Oprah Winfrey’s O, The Oprah Magazine is ending its print edition and moving in a “digitally-centric” direction in 2021, and since it was first published in 2000, there’s only been one face on the cover: Winfrey herself. But the September issue will break with tradition and feature another woman — and a very important one at that.
Breonna Taylor, who was shot and killed by police officers in her Louisville, Kentucky home on March 13, is the posthumous cover star.
On July 30, Winfrey wrote a post about Taylor on O’s website, explaining her reasons for putting her on the cover: “What I know for sure: We can’t be silent. We have to use whatever megaphone we have to cry for justice. And that is why Breonna Taylor is on the cover of O magazine. I cry for justice in her name.”
Here’s an image of the cover, as posted to Twitter by @oprahmagazine. It features an artist’s rendering of Taylor by Janelle Washington:
— O The Oprah Magazine (@oprahmagazine) July 30, 2020
Winfrey, who launched a new talk show on Apple TV+ on July 30, also wrote about Taylor’s life, her passions and habits:
“Breonna Taylor was 26 years old. Breonna Taylor loved cars and treated her 2019 Dodge Charger like a trusted friend. Breonna Taylor loved chicken any way you could cook it. Breonna Taylor put hot sauce on everything, especially eggs. Breonna Taylor appreciated every kind of music and the dances that went along. Breonna Taylor treated all her friends like besties. Breonna Taylor was a force in the life of her 20-year-old sister. Breonna Taylor felt meaning and purpose in her work as an emergency room technician. Breonna Taylor was saving to buy a house. Breonna Taylor had plans. Breonna Taylor had dreams. They all died with her the night five bullets shattered her body and her future.”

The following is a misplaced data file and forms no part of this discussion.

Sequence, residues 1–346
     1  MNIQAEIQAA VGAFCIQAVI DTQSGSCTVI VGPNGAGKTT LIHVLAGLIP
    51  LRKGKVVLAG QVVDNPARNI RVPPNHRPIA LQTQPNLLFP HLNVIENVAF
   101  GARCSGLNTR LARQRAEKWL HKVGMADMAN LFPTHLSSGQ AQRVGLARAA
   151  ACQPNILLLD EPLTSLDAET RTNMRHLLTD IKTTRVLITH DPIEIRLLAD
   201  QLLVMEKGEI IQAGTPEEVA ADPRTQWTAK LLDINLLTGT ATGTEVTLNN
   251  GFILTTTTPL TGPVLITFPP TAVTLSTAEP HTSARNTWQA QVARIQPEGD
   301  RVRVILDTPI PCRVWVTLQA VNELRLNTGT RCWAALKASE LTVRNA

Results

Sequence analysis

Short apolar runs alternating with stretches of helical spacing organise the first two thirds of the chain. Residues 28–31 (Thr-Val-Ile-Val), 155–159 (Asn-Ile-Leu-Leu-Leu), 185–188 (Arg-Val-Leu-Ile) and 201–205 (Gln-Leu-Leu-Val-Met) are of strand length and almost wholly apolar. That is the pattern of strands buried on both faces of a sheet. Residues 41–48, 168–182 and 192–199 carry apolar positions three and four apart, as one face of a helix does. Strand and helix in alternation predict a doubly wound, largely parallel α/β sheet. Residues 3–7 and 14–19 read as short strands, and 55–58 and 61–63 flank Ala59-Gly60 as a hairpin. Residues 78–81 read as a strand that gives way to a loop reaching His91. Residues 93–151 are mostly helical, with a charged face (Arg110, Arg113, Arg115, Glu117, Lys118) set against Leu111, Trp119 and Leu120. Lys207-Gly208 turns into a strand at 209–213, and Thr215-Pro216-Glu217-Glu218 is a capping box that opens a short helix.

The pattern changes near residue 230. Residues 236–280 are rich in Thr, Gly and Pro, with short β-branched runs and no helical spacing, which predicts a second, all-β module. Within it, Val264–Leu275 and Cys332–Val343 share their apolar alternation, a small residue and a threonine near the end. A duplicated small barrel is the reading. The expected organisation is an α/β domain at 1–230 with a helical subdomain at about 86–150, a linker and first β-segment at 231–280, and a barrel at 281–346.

Taylor’s mother, Tamika Palmer, continues to mourn her daughter while fighting for justice. “I’m still waiting for her to come through the door,” she told Winfrey.
To date, only one of the three officers involved in the deadly shooting of Taylor has been dismissed from the Louisville police force.
The August issue of O will also include the 89 names from the African American Policy Forum’s #SayHerName campaign, which works to raise awareness of the Black women who lost their lives to racial or police violence. Additionally, the magazine will feature anti-racist actions readers can take on every page.